Lydia of Acts Print

Lydia of Acts Print

from 20.00

Lydia of Acts
By Lisle Gwynn Garrity
Inspired by Acts 16:11-15,40

Museum-quality poster made on thick, durable, matte paper. Unframed artwork will arrive rolled up in a protective tube.

Framing option available.

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Print Details:

  • Museum-quality posters made on thick, durable, matte paper.
  • Paper is archival and acid-free.
  • Unframed prints arrive rolled up in a protective tube.

Frame Details:

  • Alder, Semi-hardwood frame
  • Black in color
  • .75” thick
  • Acrylite front protector
  • Lightweight
  • Hanging hardware included
  • Made in the USA

From the artist:

As the reach of the apostles expands, Paul, Silas, Timothy, and their companions make their way through Asia Minor to Europe, stopping briefly in Philippi, part of modern-day Greece. Since there may not have been an established synagogue in Philippi, on the Sabbath they find a prayer-house on the river, a space filled not with men and high priests, but women. They join them and as Paul speaks, one woman in particular—Lydia of Thyatira, a Gentile devoted to Jewish worship, a dealer of purple cloth—listens intently, her heart expanding with every word.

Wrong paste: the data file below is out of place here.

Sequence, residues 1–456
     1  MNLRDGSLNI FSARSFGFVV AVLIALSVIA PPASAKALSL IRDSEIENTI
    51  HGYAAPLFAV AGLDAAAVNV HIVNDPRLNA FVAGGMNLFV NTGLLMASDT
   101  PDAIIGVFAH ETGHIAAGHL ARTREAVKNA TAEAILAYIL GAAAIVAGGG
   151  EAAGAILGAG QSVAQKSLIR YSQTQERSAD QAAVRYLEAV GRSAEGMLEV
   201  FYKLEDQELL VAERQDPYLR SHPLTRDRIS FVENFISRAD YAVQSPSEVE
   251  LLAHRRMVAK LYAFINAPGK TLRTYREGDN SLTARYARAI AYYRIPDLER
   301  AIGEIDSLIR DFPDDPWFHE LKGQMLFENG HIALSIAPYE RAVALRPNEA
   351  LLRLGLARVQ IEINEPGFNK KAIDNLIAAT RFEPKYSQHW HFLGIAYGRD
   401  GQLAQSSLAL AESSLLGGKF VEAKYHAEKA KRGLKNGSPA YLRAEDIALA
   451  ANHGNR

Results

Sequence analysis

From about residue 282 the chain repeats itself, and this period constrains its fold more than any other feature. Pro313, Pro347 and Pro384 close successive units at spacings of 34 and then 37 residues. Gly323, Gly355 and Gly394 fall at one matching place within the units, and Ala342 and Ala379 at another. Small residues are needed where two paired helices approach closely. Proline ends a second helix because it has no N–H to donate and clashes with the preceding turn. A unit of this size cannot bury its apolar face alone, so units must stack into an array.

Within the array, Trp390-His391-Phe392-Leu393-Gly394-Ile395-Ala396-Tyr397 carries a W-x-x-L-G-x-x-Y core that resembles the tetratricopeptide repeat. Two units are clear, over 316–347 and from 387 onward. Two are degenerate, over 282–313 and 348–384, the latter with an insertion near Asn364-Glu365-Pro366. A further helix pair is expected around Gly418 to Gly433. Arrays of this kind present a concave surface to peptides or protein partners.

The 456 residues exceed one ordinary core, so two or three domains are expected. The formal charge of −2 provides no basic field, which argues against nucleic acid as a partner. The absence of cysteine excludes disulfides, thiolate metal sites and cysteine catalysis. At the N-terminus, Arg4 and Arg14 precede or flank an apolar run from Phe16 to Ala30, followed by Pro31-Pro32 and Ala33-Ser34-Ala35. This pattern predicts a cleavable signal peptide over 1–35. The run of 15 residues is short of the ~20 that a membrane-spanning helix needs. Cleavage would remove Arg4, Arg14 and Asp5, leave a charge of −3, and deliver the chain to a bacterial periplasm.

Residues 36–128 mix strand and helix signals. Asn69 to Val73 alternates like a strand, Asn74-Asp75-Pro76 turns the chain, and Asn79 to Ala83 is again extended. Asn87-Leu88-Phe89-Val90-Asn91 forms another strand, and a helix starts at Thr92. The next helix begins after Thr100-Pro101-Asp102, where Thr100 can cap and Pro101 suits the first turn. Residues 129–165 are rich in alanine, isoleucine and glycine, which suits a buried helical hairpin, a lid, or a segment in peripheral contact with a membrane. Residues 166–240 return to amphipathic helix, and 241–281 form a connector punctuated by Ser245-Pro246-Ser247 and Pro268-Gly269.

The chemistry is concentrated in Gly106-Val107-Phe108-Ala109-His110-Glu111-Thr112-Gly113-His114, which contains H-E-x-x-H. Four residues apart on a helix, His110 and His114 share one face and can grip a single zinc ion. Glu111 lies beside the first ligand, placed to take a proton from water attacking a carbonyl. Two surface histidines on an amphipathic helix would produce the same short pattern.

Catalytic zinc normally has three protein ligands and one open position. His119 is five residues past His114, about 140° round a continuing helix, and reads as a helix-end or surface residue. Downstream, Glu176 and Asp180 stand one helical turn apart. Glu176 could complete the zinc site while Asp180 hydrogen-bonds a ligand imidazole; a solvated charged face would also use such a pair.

Despite her outsider status (Thyatira was part of Asia Minor) and how women are typically portrayed in scripture, Lydia is a woman of power, influence, and dignity. Purple dye was a luxury item for the elite, so we are to assume that Lydia is an established businesswoman. She is also, surprisingly, the leader of her household. After being stirred by Paul’s message, she and “her household” are baptized. No patriarch is named—no man gets credit or gives permission. Lydia’s first act as a new disciple is hospitality. She welcomes the apostles into her home (without the permission of a patriarch). Later, after Paul and Silas are released from prison, her large home becomes the meeting place for the apostles and the growing Christian community in Philippi.

As the only Philippian convert named in Acts, Lydia was quite possibly the leader and patron of the Philippian church. She used her wealth to establish the community, she risked her reputation as a businesswoman to house foreigners released from prison, she sanctified her conversion with acts of radical hospitality. In this image, I wanted her eyes to be the focal point. I hope they draw you in, radiating her warmth.

—Lisle Gwynn Garrity

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